When you press a button, you should get something like this:
0000000000000001 00 play sony2 0000000000000001 01 play sony2 0000000000000001 02 play sony2 0000000000000001 03 play sony2
In this case my remote is called sony2, the button is called play, and LIRC has seen it 4 times.
Run LIRC at bootup
Remember if you had to execute the setserial command while loading the module?
Your serial port support is compiled as a module in the kernel
This is rather easy: you'll just have to add lirc_serial to the modules list and lircd to the daemons list in Template:Filename
Your serial port support is compiled into the kernel
This is more complicated, you can't just add the lirc_serial to the modules list in Template:Filename, as the serial port should be released first.
So I created a custom startup script to fix this problem.
Now load the daemons: add "start_lirc" and "lircd" to the daemons list in Template:Filename
Program specific configuration
Generate your own lircrc with Mythbuntu's lircrc-generator
mythbuntu-lircrc-generator is intended to be started from a system with LIRC installed. It requires that you choose a remote via the LIRC package or have a Template:Filename handy prior to running. It will then produce a sane Template:Filename for the current user.
Enable LIRC support in xine
Now LIRC works, but you have no program that can communicate with LIRC. This section will explain how to make xine work, but you can use xmms and mplayer (and probably a lot of other programs too) to work with LIRC.
Compile xine with LIRC support
Download the xine-ui pkgbuild from the cvs tree.
Add " --enable-lirc" to the Template:Filename line
Uninstall old xine-ui and install the new one
# pacman -R xine-ui # pacman -U xine-filename.pkg.tar.gz
Configure xine to use LIRC
Let xine produce a default Template:Filename file. In your home directory, type:
$ xine --keymap=lirc>.lircrc
Now, in order to have a functioning xine+lirc, edit the Template:Filename file to your preferences.
However, you may choose to configure LIRC to control more than just xine. If this is the case, you will need to manually edit the Template:Filename file, and add elements.
Xine-ui Mplayer Totem Vlc Rhythmbox
All work with LIRC, but you must enable LIRC support in the program in some cases, such as VLC. Simply copy the vlc packagebuild and edit it so that "--enable-lirc" is one of the compile options for VLC not FFMPEG!
Configure Amarok2 to use LIRC
Depending on your controller model, the following configuration works with Amarok2-svn. This configuration file will work with the MCEUSB controller.
Configure Audacious(2) to use LIRC
Depending on your controller model, the following configuration works with all versions of Audacious, including the mercurial builds. This configuration file will work with the MCEUSB controller.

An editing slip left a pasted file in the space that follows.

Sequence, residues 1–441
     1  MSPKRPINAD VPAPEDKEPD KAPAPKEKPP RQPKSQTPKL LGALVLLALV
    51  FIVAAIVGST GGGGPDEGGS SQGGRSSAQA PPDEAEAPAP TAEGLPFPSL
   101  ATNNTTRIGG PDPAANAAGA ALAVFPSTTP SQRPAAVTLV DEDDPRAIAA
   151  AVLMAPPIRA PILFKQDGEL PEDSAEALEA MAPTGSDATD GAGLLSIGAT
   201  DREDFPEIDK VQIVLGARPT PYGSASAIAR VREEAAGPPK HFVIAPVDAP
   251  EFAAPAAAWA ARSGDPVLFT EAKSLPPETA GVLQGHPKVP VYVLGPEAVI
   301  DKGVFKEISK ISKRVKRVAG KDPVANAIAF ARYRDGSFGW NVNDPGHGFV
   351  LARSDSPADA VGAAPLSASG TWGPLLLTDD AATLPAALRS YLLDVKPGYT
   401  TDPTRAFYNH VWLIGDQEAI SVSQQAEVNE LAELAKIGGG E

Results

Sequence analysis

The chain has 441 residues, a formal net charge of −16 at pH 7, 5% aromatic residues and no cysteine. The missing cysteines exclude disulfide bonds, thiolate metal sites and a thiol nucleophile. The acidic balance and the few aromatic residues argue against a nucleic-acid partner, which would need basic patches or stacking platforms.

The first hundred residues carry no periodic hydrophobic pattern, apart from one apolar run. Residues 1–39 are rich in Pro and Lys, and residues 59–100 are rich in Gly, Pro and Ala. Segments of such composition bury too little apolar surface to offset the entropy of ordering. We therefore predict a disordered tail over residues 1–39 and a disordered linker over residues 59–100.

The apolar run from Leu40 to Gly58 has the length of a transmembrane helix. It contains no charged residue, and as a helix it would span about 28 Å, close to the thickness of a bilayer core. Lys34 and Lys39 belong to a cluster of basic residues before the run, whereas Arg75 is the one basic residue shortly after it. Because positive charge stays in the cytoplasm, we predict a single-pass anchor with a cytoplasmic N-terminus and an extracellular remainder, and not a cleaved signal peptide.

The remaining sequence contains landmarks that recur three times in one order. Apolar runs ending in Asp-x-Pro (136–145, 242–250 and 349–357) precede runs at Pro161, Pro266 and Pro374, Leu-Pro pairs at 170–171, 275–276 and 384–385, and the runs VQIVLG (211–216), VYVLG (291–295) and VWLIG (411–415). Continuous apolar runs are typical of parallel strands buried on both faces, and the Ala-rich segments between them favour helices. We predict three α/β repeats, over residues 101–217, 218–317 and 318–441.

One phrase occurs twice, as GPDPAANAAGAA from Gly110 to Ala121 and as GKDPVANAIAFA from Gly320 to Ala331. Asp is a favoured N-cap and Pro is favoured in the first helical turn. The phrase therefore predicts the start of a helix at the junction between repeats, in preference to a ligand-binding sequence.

Additionally, there are other values that may be set according to the model set forth above. This was taken from the lirc.c file from audacious-plugins source code:
Device Specific Examples
There is a dedicated wiki page with information about X10
Asus DH Deluxe series motherboard
Check the output of:
$ cat /dev/usb/hiddevX
where X is 0,1 or bigger, and press some buttons on remote.
If you can see reply, device works fine, follow steps:
1. In file Template:Filename add:
2. Reload LIRC:
ASRock ION series (Nuvoton) quickstart
$ ln -s /usr/share/lirc/remotes/lirc_wb677/lircd.conf.wb677 /etc/lirc/lircd.conf $ /etc/rc.d/lircd restart
Streamzap PC Remote (USB)
- Install both packages (lirc lirc-utils)
- Modprobe both kernel mods (lirc_dev and lirc_streamzap) (add these to your MODULES array in Template:Filename to survive a reboot)
- Create your Template:Filename (for this remote, copy Template:Filename to Template:Filename)
- Start lircd via /etc/rc.d/lircd start (add lircd to your DAEMONS array in Template:Filename to survive a reboot)
- Test the remote/lirc with irw
$ irw 00000000000028cc 00 CH_UP Streamzap_PC_Remote 00000000000028ce 00 CH_DOWN Streamzap_PC_Remote 00000000000028c8 00 8 Streamzap_PC_Remote 00000000000028c5 00 5 Streamzap_PC_Remote 00000000000028d2 00 OK Streamzap_PC_Remote 00000000000028d1 00 LEFT Streamzap_PC_Remote 00000000000028d1 01 LEFT Streamzap_PC_Remote 00000000000028d1 00 LEFT Streamzap_PC_Remote 00000000000028d3 00 RIGHT Streamzap_PC_Remote 00000000000028d3 00 RIGHT Streamzap_PC_Remote 00000000000028d3 00 RIGHT Streamzap_PC_Remote 00000000000028d3 00 RIGHT Streamzap_PC_Remote 00000000000028d4 00 DOWN Streamzap_PC_Remote 00000000000028d4 00 DOWN Streamzap_PC_Remote 00000000000028d4 00 DOWN Streamzap_PC_Remote
Buttons processed several times when pressed
Problem in module ir_core which processes IR commands with LIRC at the same time. Simple blacklist it by creating the following file:
After upgrading or installing Arch, an existing configuration stopped working
Kernel module change
As of kernel 2.6.36, LIRC modules have been included in the kernel. Arch's lirc package has included the older kernel modules, which work with lircd without any additional configuration. However, a recent update removed those older modules, which results in the stock kernel modules being used. Unfortunately, these kernel modules treat the remote as a keyboard by default, which is incompatible for lircd. To correct this, put the following line to Template:Filename: Template:File You may also run that command as root to enable LIRC for your current session.
With a recent update, the configuration file for mceusb uses different names for the buttons. Existing lircrc configurations will fail as they are expecting different file names. If you don't want to change your button mappings in lircrc, then simply replace the contents of Template:Filename with the following configuration: Template:File
http://www.mythtv.org/wiki/Category:Remote_Controls -- MythTV wiki main LIRC article
http://www.mythtv.org/wiki/MCE_Remote -- MythTV wiki on MCE remotes
http://en.gentoo-wiki.com/wiki/LIRC -- Gentoo wiki LIRC how-to
http://aur.archlinux.org/packages.php?ID=33849 -- Lirc/Lircrc Configuration Generator